Amyloid plaques in the brain and symptoms of Alzheimer’s disease
Amyloid is a protein that can be vital to cell function throughout the body, but a dysfunctional form of amyloid called beta-amyloid can collect in the brain. Scientists believe that when beta-amyloid builds up in the brain, forming amyloid plaques, it is toxic to the nerve cells. Evidence of amyloid plaque buildup in people with normal memory function has been linked to an increased risk of developing the symptoms of Alzheimer’s disease in the future. However, having a buildup of amyloid plaques in the brain does not mean that symptoms of Alzheimer’s disease will develop in the next few weeks, months, or even years:
- It can take more than 10 years between amyloid plaques starting to develop in the brain and development of even the mildest symptoms of Alzheimer’s disease.
- Some people can have amyloid plaques in their brain and never develop Alzheimer’s disease dementia.
EARLY targeting of amyloid plaques buildup in the brain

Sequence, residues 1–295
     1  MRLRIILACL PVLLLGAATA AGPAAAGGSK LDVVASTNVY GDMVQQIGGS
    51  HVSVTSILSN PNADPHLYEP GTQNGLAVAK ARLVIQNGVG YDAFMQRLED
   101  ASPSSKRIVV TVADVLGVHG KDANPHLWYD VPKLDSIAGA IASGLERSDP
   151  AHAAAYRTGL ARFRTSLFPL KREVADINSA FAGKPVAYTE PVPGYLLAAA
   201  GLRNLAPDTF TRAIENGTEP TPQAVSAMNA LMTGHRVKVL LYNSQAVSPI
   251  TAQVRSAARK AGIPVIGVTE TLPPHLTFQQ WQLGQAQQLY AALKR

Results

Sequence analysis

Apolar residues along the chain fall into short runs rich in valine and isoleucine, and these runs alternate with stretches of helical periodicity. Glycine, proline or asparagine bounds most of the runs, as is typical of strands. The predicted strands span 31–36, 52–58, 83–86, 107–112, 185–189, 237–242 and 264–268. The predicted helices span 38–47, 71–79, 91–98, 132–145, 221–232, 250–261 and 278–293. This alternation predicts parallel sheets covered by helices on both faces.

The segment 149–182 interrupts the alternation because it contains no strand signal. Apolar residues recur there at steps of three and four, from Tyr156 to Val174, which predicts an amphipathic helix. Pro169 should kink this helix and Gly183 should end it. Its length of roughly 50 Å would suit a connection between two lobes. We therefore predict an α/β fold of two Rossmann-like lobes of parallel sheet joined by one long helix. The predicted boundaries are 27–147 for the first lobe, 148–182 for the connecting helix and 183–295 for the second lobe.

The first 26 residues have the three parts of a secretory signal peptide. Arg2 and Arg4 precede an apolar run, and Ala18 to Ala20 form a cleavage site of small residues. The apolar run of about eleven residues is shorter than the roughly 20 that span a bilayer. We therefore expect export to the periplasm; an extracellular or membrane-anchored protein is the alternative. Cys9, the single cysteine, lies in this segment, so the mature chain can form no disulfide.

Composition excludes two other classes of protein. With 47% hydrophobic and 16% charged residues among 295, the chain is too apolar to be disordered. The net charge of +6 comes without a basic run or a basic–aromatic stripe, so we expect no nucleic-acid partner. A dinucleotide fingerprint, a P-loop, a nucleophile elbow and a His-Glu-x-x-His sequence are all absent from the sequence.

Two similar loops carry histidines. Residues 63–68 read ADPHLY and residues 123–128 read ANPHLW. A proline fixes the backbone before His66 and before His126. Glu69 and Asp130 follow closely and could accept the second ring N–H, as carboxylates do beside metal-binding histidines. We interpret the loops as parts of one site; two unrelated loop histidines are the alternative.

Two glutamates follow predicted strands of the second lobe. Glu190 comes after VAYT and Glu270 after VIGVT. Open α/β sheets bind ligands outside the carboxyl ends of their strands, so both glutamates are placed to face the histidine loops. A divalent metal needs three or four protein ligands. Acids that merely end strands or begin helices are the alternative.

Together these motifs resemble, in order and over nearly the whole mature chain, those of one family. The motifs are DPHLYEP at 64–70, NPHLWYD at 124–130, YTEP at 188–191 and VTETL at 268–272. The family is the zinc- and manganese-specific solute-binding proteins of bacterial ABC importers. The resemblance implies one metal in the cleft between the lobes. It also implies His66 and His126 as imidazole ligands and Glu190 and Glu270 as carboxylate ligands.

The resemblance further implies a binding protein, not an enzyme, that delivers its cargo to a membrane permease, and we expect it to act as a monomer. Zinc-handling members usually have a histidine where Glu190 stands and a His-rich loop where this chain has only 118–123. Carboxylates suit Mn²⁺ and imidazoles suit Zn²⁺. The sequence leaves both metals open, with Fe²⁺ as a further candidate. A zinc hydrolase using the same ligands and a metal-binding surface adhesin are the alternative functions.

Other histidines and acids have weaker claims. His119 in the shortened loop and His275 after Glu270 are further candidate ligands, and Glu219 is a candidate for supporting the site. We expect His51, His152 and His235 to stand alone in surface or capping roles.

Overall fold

The EARLY Trial is for people who currently have no symptoms but who might be at risk for developing Alzheimer’s disease dementia in the future. The trial is being conducted to understand if an investigational medication is beneficial for treating participants at risk for developing Alzheimer’s disease dementia, as demonstrated by a buildup of amyloid plaques in their brain.
The EARLY Trial will help us to better understand the relationship between amyloid plaques, Alzheimer’s disease, and the development of Alzheimer’s disease dementia (see https://www.nia.nih.gov/alzheimers/publication/alzheimers-disease-fact-sheet).